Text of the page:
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Start where you are. Use what you have. Do what you can.

“Start where you are. Use what you have. Do what you can.”

  • Arthur Ashe, Tennis hall of fame player, and presidential medal of freedom recipient

I heard this quote today and it made me think of many different stages of my life.

If I could go back to my younger self and give me this advice I would have said.

Start where you can

  • Focus on learning everyday
  • Realize momentum builds over time and taking the first step is the key

Use what you have

  • Use your stubbornness and discipline and commit to one big thing to improve  every year
  • Keep it simple, life gets complex over time

Do what you can

  • Pay it forward to others and reap the benefits over the next 10 years
  • Help one person every week
  • Put your oxygen mask on first every day

Defeating Average.



My Stressful thoughts overtake my ability to focus

I was listening to a podcast last weekend as the guest was answering a passage stuck out.

When I am overloaded, “my stressful thoughts overtake my ability to focus” and I thought yes, that is how I feel some days!

The good news is those days are infrequent and I find it’s helpful to watch for the queues and have a plan


  • When I feel like I have so much to do and don’t know where to start
  • When the same single keeps playing in my head about things I can’t control
  • Negative thoughts in general


  • Go for a walk outside and get fresh air
  • Take a breathing or meditative pause and break
  • Write down all the things I have to do, get them out of my head. Circle the Top 3 and work on the first one first.


Defeating Average through stress.



Are you missing out on opportunity?

Pull your toes on the way up, push through your quads on the way down and widen the circle.


Good advice from Peloton instructor Sam Yo last week on one of my regular spin classes.

He was focusing on potential range of motion, power, and output.

It made me think about how that applies to life.


You can look at it like 7 pieces of a pie in the wheel of life. 






Health and Wellness

Friend and Community


If you are not getting your full range of motion, power and output in each area, you are missing out on opportunities.


None of us will be hitting 10/10 in all areas and not even close.


When we think about how much of the pie and landscape we are covering we can put a spotlight on the areas we would like to focus on…and perhaps pull our toes up a little more.


Where are you doing well?

Where can you expand that circle?


Defeating Average.



Upskilling and the war for talent

We used to call education the four and 40. Go to school for four years, work for 40. What’s now is you are going to have to learn some sort of new skill every four years.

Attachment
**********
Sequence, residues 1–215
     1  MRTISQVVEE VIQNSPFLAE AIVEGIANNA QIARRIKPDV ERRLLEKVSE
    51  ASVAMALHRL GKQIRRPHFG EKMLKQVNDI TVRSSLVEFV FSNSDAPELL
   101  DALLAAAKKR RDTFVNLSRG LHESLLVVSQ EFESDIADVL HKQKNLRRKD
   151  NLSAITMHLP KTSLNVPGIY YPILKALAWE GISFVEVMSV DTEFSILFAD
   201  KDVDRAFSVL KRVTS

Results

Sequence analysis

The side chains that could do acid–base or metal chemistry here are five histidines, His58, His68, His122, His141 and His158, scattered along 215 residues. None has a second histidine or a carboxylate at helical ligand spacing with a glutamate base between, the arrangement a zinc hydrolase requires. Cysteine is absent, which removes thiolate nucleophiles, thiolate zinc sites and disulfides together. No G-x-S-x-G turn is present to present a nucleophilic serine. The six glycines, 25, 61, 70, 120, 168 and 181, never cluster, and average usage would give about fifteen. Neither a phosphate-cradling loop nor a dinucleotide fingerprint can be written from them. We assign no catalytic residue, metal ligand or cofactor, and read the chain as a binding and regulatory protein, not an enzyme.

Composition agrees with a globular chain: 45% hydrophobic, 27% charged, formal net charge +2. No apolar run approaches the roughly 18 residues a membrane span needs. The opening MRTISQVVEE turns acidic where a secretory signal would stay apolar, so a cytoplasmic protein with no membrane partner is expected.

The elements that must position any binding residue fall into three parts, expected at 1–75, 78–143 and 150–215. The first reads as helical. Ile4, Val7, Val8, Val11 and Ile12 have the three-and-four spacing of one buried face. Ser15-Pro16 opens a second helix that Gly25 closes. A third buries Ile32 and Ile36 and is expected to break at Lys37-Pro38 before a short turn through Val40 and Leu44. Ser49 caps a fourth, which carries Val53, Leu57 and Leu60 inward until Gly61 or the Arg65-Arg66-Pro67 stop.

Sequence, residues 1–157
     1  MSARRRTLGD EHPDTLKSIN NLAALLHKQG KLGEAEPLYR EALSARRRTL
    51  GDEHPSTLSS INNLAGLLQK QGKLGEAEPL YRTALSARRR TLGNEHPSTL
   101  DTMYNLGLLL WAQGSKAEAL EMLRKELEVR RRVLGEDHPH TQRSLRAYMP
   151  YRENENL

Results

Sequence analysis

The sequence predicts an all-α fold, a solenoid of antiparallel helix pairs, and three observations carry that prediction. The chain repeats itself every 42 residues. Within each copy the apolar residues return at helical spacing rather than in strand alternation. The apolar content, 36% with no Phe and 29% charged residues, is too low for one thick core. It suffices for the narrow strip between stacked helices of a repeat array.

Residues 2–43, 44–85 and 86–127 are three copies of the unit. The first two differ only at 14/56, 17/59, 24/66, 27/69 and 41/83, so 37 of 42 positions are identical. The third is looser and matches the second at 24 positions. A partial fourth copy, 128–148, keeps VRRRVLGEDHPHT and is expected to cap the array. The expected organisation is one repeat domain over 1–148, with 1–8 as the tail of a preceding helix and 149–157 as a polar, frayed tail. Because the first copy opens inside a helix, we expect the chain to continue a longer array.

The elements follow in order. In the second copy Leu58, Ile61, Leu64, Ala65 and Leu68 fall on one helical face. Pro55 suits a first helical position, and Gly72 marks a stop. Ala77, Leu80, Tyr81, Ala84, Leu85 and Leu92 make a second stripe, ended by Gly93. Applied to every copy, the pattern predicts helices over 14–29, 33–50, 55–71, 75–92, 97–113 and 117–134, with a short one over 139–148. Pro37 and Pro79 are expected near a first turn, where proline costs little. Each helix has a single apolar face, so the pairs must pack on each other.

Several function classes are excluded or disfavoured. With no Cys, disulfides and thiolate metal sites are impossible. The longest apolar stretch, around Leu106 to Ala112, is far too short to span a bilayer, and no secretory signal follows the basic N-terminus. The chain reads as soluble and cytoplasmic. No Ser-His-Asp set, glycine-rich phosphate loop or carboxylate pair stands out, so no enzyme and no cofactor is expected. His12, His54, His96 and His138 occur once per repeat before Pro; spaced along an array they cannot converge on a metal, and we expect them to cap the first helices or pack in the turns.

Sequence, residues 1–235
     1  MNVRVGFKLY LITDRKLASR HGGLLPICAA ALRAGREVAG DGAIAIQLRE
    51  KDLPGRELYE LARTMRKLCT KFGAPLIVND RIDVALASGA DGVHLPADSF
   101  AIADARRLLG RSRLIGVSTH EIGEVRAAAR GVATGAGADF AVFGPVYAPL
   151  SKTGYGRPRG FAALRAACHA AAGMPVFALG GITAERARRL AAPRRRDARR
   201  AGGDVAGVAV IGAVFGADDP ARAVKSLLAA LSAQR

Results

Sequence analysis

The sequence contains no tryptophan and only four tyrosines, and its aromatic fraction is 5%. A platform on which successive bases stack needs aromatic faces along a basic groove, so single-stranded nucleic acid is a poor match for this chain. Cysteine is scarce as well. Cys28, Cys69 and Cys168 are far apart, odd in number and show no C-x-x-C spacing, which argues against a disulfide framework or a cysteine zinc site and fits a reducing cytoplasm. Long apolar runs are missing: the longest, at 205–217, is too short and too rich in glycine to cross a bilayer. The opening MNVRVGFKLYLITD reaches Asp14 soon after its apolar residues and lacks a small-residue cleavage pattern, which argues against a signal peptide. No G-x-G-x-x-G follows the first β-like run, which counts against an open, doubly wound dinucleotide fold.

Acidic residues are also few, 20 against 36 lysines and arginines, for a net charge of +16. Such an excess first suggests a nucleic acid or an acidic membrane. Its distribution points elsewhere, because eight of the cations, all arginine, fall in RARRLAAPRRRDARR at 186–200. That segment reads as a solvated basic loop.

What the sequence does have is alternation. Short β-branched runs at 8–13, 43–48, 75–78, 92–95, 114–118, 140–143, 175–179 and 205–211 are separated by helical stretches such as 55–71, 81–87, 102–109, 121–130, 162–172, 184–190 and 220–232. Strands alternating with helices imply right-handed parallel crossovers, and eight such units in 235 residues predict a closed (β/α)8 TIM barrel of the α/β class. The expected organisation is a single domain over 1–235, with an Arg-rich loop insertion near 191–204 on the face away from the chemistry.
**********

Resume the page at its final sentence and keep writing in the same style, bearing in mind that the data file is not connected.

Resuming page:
I was listening to a great episode of Masters of Scale (Rapid Response) this week with guest Rachel Carlson,  co-founder and CEO of Guild Education.

She shared “100 million Americans, over two-thirds of the workforce today in America, need re-skilling or upskilling in the next decade in order to be relevant, employable, and be able to survive in the economy of the next decade. The problem is those folks don’t know how to find what school or program they ought to go back to, let alone what they ought to study.”

“So the half-life of a skill is now about four years. So if you’re learning anything skills-based, you are probably getting about four years worth. And so the future of work, the skills are going to evolve, right?

“We call that the four and 40, right? Go to school for four years, work for 40. The four and 40 is dead. So dead. What’s now is the every four. You’re going to have to learn some sort of new skill every four years. Now, I don’t know exactly who your listeners are, but if they’re like you and me, Bob, we’re probably some of the edge cases. You and I will learn the new Slack. And if somebody ever changes and builds the next Excel, we’ll learn the next Excel. But for the vast, vast majority of Americans, literally more than two thirds, they’re going to be wholesale learning new technology every four years. And that’s the reality that we’re not totally reckoning with right now.”

We are entering a new pandemic / post pandemic (depending where you live) economy. Everything will be different.

How will you prepare for your future?

What do you need to accept to be ready?

Defeating Average.


Are you an imposter?

I think we all are at some point. This discussion has been coming up more and more recently.

Are you handling the pandemic ok? Yes, I mean nooo!

How are you handling the scope of your new role? Great, I mean, ugg flailing!

You seem to be onboarding your new team well and meeting customer expectations. Yes, I am! Noooo, I am struggling to keep up!

Does this sound like you at all?

We all have a lot on our plate right now and may feel like an imposter balancing our job, our pandemic life, and our family.

It’s ok to say, woe, it’s a lot right now and sometimes I am on the struggle bus.

People appreciate honesty.

Personally, some days I feel like I have it nailed and the next day, I don’t at all!

What is important during these times?

  • Be gentle with yourself, it’s ok to admit…even to others.
  • Partner with other people who can help you get over the hump.
  • Remember each day is a new day and with good sleep, you will wake up refreshed and be able to begin again.

If you are not struggling right now, it’s possible you are not being honest with yourself.


Defeating the struggle together!



Are you anticipating where the puck is going?

“Skate to where the puck is going, not to where it has been.”

I was watching Master Class last week and they have a new series with Wayne Gretzky. I was fortunate, I grew up where he played the first decade of his career in Edmonton. He is one of hockey’s greatest players, if not the greatest, depending on your view.

When asked why he was so good at the game of hockey, he famously said: “I skated to where the puck was going, not to where it had been.”

He was talking about anticipation. Perhaps his greatest asset. People used to say he had eyes in the back of his head. 

In an episode in Master Class which I highly recommend (for hockey fans this series is worth the cost alone!), he talks about how his father Walter was ahead of his time in thinking about the game.